Incite -- (v) 1: give an incentive; 2: provoke or stir up; "incite a riot"; 3: urge on; cause to act
Wednesday, December 08, 2004

Kofi Annan Resignation Watch Day 2
Written by: Beck

The editors of National Review have (surprise) thrown their weight behind the movement to pressure Kofi Annan into resigning his post as Secretary General of the United Nations. The cover story for the December 13 edition of National Review is currently available online.
This has been a wretched year for Kofi Annan. The U.N. secretary general has looked a forlorn figure on the world stage: Hugely overshadowed as a global leader by George W. Bush and Tony Blair, he has appeared weak and clueless in confronting major problems, including terrorism, WMD proliferation in Iran and elsewhere, and genocide in Sudan. At the same time, the massive scandal over the U.N.'s administration of the Iraq Oil for Food program has brought the world body's reputation to an all-time low. To cap it all, in the wake of a series of internal scandals, the U.N.'s own employee union has just passed a vote of no confidence in the U.N.'s senior management: a thinly veiled protest against Annan himself.
Meanwhile, The Washington Times reports that US Rep. Roger Wicker of Mississippi has introduced a resolution in the House calling for Annan to resign.
"The oil-for-food program is a scandal of enormous proportions, and it may reach into the highest levels of leadership at the U.N.," said Rep. Roger Wicker, the Mississippi Republican who introduced a resolution yesterday calling for Mr. Annan to resign.

"I don't think we'll get all the facts as long as Mr. Annan is remaining at the helm," Mr. Wicker said.

Nineteen Republicans and one Democrat -- Rep. Gene Taylor of Mississippi -- had signed the resolution, as of late yesterday. [NRO reports that this number is up to 52 Representatives--see NRO article linked below]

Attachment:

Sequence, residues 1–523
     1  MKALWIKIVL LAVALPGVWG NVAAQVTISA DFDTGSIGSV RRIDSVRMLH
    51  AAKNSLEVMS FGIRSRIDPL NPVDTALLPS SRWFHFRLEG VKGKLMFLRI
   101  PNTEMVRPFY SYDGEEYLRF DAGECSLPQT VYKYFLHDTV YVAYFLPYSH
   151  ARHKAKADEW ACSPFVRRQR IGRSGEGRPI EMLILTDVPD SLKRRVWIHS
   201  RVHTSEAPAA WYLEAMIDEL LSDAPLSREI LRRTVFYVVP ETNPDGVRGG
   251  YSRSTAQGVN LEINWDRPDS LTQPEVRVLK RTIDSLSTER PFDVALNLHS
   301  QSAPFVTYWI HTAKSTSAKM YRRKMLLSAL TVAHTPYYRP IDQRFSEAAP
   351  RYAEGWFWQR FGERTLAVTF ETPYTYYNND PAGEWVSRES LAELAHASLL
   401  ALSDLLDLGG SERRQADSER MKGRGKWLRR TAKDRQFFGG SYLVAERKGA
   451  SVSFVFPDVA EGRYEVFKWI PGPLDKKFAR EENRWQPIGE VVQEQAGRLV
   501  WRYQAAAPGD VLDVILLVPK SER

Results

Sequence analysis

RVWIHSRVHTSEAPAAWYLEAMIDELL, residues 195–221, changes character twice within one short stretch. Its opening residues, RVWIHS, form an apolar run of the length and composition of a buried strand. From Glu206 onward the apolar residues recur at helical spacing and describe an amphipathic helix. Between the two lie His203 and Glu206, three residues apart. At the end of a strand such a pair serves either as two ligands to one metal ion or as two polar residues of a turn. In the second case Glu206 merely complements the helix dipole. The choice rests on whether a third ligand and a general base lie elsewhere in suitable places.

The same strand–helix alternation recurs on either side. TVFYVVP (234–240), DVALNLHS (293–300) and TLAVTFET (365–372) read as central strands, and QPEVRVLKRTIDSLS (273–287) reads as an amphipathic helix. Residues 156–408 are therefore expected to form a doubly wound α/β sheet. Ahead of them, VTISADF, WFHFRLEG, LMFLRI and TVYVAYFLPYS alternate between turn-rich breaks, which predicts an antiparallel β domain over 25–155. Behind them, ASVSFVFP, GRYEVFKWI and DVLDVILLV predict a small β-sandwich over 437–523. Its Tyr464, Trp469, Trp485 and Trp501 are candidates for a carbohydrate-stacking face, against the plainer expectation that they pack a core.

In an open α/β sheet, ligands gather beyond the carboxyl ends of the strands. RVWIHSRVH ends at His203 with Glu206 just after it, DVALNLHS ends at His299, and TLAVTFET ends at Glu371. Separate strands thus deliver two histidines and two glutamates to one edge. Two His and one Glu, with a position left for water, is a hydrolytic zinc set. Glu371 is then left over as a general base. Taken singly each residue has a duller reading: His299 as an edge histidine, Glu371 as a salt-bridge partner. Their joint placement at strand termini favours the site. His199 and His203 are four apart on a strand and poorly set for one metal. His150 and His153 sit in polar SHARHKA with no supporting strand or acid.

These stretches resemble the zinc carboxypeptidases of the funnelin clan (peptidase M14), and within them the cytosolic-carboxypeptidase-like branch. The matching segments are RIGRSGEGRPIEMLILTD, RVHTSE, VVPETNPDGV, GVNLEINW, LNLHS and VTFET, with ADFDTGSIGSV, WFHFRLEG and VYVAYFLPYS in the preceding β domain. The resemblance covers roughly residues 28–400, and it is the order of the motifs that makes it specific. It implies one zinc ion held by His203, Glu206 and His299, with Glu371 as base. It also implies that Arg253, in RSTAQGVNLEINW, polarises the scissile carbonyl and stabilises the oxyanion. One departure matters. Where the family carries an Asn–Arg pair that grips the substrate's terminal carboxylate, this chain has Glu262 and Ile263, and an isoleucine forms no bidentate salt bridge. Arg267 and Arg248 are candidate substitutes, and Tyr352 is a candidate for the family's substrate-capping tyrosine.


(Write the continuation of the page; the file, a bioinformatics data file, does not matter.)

Meanwhile, Rep. Jeff Flake of Arizona has introduced a bill which would tie UN funding to cooperation with Congressional investigations (there are currently 5 ongoing) into the Oil-for-Food scandal.
Under Mr. Flake's bill, which has 77 co-sponsors, Congress would withhold 10 percent of its U.N. funding in fiscal 2005 and 20 percent in fiscal 2006, until President Bush certifies that the United Nations has agreed to certain standards laid out in the bill. The bill calls for full disclosure of documents related to the oil-for-food program, asks U.N. officials to waive diplomatic immunity, and asks any U.N. official who benefited from the program to reimburse the full amount that was improperly received.

Mr. Flake's bill did not call for Mr. Annan's ouster because he fears that would garner all the attention and that deeper problems at the United Nations would be ignored. But other Republicans supporting Mr. Flake's bill also called for Mr. Annan to leave.
A second article from the NRO editors argues that Annan's guilt or innocence of involvement in the Oil-For-Food scandal is beside the point; rather, his years of mismanagement are sufficient grounds alone to justify a call for his ouster.